# Obvoiously True (Countability)

1. Oct 20, 2009

### CoachZ

I'm trying to show that any uncountable set has a countable subset.
First, let me point out that the distinction here between at most countable and countable is applied in this instance. At most countable implies either finite or countable, and countable is obvious.

Starting off, let X = the uncountable set, and choose some subset A of X, s.t. X\A = B. Not really sure where to go from this point. I had an idea that this could be proved inductively, but I'm not exactly sure how the process goes... Any suggestions?

2. Oct 20, 2009

### VeeEight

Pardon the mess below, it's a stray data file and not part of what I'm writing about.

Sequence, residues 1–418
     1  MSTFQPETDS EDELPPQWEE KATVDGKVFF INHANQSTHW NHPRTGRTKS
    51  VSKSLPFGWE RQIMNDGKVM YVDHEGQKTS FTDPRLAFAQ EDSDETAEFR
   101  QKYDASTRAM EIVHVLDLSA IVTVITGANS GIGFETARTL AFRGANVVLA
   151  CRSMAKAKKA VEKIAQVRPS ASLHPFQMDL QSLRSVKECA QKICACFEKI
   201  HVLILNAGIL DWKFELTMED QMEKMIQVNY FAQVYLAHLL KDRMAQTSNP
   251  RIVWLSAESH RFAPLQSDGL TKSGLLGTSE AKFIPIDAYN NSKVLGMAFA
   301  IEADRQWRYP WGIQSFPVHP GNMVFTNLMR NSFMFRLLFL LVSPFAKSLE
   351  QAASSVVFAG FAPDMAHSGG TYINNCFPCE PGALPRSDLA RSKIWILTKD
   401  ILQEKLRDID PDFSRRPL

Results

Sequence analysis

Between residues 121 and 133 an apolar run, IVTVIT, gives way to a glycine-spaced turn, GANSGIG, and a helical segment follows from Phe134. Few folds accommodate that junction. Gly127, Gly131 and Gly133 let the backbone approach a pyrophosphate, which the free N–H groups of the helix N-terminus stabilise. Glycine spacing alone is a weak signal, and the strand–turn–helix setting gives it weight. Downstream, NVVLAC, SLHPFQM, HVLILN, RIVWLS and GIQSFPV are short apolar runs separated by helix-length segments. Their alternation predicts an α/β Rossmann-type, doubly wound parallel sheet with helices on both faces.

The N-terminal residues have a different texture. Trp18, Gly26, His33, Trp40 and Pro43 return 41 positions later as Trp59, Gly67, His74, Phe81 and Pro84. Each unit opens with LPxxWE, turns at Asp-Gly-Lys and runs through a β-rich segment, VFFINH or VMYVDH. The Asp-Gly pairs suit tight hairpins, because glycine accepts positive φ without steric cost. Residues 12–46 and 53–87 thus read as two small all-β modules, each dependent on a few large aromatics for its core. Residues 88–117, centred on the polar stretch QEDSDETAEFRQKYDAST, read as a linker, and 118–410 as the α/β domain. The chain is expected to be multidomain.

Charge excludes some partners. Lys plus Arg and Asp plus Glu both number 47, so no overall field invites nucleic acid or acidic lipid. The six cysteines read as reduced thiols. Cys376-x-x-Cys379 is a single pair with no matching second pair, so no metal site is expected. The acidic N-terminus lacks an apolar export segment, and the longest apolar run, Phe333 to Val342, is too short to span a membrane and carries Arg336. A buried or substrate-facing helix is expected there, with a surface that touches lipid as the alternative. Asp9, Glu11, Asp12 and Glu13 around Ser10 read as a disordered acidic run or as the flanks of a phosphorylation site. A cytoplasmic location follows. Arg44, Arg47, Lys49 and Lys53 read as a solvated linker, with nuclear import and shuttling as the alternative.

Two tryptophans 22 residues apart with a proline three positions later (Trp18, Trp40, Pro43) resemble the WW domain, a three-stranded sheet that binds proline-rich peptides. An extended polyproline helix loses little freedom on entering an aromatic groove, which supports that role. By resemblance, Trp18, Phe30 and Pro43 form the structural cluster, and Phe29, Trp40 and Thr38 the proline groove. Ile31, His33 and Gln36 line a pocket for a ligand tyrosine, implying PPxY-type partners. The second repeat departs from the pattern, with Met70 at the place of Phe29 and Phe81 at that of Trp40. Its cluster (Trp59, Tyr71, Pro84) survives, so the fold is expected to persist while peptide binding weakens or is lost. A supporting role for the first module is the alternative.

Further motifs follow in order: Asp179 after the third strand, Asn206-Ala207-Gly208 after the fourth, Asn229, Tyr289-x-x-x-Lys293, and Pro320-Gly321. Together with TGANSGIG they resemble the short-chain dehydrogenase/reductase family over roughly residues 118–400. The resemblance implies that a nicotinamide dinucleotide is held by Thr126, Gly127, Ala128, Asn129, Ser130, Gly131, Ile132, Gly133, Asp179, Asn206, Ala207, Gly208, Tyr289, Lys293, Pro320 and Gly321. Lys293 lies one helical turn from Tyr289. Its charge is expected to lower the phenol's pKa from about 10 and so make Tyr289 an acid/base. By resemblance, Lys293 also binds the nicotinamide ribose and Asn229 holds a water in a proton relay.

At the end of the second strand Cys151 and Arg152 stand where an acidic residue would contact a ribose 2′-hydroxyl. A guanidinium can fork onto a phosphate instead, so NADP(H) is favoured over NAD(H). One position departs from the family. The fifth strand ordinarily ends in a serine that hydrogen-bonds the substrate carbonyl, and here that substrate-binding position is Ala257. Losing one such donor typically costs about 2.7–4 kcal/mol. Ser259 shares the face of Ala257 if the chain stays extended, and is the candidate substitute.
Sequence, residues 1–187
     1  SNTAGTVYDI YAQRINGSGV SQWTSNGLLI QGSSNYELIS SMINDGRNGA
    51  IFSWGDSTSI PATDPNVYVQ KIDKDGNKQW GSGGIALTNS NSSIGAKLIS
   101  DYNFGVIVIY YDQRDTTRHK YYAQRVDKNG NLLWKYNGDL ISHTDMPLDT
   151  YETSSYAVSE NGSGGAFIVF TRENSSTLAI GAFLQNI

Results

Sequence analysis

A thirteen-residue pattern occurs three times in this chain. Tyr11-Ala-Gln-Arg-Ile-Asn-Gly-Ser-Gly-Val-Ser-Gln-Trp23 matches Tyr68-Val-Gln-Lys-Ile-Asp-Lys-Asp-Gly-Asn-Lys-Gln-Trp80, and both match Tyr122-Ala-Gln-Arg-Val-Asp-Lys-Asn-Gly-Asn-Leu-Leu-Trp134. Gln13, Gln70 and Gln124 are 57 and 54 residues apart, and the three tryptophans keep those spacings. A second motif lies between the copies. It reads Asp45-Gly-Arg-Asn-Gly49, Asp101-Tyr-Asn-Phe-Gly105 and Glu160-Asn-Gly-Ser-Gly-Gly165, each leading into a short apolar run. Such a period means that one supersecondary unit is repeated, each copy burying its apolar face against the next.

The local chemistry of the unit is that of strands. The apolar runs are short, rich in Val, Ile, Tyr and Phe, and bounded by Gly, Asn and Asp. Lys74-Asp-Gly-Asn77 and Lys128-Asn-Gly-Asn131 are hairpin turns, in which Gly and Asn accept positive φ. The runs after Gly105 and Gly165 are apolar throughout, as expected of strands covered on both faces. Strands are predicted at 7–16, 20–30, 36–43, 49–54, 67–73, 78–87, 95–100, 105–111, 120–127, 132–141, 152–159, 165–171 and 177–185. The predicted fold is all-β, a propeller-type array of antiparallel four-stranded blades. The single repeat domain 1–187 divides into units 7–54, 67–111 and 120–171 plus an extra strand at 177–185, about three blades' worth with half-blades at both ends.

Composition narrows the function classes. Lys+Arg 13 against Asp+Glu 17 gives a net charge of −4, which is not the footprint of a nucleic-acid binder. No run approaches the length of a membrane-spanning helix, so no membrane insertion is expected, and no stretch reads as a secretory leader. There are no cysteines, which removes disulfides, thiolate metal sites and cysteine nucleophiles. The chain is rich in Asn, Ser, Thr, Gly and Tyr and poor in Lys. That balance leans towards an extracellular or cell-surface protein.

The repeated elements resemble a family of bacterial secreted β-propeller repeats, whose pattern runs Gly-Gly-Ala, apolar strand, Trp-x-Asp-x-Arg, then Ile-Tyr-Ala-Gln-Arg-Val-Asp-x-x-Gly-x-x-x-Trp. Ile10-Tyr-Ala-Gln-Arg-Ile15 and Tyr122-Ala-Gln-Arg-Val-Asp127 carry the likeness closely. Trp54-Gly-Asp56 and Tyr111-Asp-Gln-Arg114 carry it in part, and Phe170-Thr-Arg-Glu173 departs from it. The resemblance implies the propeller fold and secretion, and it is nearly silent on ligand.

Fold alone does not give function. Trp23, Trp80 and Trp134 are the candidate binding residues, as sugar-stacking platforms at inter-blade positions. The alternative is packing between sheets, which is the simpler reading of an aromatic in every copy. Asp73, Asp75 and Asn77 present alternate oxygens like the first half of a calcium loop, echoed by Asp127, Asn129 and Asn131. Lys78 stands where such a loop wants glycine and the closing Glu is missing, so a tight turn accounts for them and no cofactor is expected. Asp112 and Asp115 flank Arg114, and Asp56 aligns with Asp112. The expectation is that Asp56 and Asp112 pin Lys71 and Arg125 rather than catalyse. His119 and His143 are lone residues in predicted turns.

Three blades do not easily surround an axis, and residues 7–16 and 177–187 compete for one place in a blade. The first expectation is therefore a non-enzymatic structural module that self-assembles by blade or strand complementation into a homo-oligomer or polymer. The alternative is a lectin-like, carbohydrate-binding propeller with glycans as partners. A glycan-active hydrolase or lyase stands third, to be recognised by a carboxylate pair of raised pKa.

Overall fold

I'm not really sure where you're proof is going, but can you not just select elements from X to form an countable subset? For example, since X is uncountable, it is nonempty and thus you can find some a1 in X. Similarily, X \ {a1} is also uncountable and hence nonempty, so you can find some a2 in X \ {a1}. Each subset of the form X \ {a1, a2, ...} is uncountable and hence nonempty, so you can always find some element ai in it.